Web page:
Animals on the move (weforum.org)

Here's another visual, but this one shows the migratory patterns of animals in North America in response to climate change. If you click on the map, you can see what the effects will be in Central and South America, also.

Food and farming

Climate change and my beloved coffee (insideclimatenews.org)

In as little as fifty years, Puerto Rico may not be able to support coffee farming due to climate change. And many researchers worry that farmers will head further uphill into heavily forested areas, which we need to protect. Learn about the ways that farmers and scientists are planning ahead with the hope that no one will need to give up that morning cup of joe.

GM mustard in India (sciencemag.org)

In India, GM crops are controversial, too. Although GM cotton has been grown in India since 2004, if approved, this will be the first GM food crop grown in India.

Health and home

Sushi and parasites (theguardian.com)

Parasitic infections from eating sushi are on the rise. And we don't have effective drugs for treating them yet. You can prevent getting infected, however, by following the suggestions in the article. But also, make sure that your favorite sushi restaurants have and enforce strict standards. I think I'll pass on sushi, for now.

Mineral Fusion cosmetics will soon be available in CVS stores. (ewg.org)

I don't wear makeup that often. But when I do, I want to know that it's safe. Mineral Fusion offers many items that have been verified by the Environmental Working Group's (EWG) safety standards. It's refreshing to know that these products will now be available at local pharmacies. Before, consumers had to search online or drive to specialty stores. Times do change.

L'Oreal moves toward greener chemistry. (triplepundit.com)

It's encouraging to read articles like this one. But beyond encouraging, what's even better is that Cradle to Cradle Products Innovation Institute recently granted L'Oreal sliver certification for their Biolage R.A.W. line of hair care products. Learn about the five criteria that Cradle to Cradle uses to grade products for health and sustainability in the article above.

Science and technology

What will hurricane season be like in the Atlantic this year? (climatecentral.org)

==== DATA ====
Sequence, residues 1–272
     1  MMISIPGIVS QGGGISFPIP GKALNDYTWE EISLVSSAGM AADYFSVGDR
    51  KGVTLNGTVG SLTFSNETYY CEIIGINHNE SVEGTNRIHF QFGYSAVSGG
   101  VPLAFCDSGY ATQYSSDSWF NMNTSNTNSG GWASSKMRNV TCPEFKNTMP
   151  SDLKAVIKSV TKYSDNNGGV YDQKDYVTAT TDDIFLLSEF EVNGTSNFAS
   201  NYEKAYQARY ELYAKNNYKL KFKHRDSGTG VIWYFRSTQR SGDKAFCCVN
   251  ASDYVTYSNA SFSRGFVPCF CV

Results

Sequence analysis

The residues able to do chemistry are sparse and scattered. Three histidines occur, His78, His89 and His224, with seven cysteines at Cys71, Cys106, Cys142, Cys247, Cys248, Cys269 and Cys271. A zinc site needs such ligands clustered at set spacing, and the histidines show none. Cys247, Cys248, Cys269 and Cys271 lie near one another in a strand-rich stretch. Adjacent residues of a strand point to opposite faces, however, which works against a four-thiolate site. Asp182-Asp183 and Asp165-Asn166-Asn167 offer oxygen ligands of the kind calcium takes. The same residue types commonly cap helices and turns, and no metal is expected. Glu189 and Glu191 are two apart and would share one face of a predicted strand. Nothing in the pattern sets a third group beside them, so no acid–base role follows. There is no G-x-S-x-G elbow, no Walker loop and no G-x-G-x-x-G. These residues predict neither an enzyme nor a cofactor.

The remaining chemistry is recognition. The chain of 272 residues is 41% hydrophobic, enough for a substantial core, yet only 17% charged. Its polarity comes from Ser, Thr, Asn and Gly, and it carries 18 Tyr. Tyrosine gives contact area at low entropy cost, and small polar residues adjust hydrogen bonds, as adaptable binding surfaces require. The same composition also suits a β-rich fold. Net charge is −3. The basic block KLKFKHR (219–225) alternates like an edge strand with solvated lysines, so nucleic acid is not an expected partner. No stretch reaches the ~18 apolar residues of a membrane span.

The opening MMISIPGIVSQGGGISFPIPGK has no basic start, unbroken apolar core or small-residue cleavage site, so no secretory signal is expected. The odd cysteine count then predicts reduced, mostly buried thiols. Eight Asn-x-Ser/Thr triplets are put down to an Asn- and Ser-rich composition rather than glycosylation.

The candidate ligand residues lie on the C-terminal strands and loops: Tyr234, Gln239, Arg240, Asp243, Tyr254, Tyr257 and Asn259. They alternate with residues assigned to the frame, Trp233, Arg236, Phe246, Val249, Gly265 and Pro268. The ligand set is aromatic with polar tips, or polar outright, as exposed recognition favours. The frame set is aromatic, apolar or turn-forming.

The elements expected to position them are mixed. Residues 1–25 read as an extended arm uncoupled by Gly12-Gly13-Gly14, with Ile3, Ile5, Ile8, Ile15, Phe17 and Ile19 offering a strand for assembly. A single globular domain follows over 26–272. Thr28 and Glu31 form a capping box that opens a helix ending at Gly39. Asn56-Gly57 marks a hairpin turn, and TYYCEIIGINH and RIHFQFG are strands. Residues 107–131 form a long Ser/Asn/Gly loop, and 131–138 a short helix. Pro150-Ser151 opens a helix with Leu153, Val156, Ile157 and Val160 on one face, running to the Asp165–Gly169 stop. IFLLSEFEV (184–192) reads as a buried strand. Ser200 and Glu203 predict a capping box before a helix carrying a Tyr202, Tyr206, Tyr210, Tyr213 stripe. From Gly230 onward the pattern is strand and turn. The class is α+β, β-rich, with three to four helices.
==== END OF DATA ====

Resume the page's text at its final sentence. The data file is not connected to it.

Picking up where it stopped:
In a nutshell, NOAA predicts there'll be more storms this hurricane season. Although scientists are uncertain about the development of El Niño (which reduces the chances of storm formation) this summer and fall, they're basing these estimates on increased ocean surface temperatures in the Atlantic and reduced wind shear. What is wind shear? It's "…the variation of the wind's speed or direction over a short distance within the atmosphere (NOAA website)." So, storms have more trouble forming and becoming established if there's too much wind, especially vertical wind. One reason why I'm hooked on writing Surferbird News-Links is that I learn so much from writing them.

Perspectives

Autism—a look at it's history and how people with autistic traits contributed to society (theconversation.com)

A remarkable piece on the origins of autism—the author traces the genetics while emphasizing the unique contributions that those with autistic traits make to their communities. Perhaps even thousands of years ago, people with autism contributed to the survival and technological development of humans.

Earworm

I'm working on an essay about the hurricanes and storms in the Deep South, my old stomping grounds. Although I spent most of my childhood in Jackson, 180 miles north of the Mississippi Gulf Coast, Hurricane Camille made landfall in 1969, packing strong winds as far inland as my hometown. Those memories remain fresh in my mind like still photography. The day after Hurricane Camille hit, this song played on the radio. But on the Mississippi Gulf Coast, I'm sure they weren't listening.

Laura